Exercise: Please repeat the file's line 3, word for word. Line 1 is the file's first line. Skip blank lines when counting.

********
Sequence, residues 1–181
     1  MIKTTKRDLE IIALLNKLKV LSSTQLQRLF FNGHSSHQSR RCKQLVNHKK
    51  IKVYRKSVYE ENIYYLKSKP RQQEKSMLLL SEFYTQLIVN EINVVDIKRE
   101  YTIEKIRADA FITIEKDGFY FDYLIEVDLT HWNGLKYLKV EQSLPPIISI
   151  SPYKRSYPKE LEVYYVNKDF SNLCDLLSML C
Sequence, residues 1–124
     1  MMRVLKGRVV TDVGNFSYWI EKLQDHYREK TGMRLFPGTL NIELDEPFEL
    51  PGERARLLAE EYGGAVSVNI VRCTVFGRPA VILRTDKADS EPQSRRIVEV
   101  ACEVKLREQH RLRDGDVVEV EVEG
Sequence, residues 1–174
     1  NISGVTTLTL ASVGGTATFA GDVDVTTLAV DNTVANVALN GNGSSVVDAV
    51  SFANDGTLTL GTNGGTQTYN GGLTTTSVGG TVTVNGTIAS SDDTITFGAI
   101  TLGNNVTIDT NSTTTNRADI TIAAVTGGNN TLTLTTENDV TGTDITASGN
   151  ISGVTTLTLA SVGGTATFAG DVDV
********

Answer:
    51  IKVYRKSVYE ENIYYLKSKP RQQEKSMLLL SEFYTQLIVN EINVVDIKRE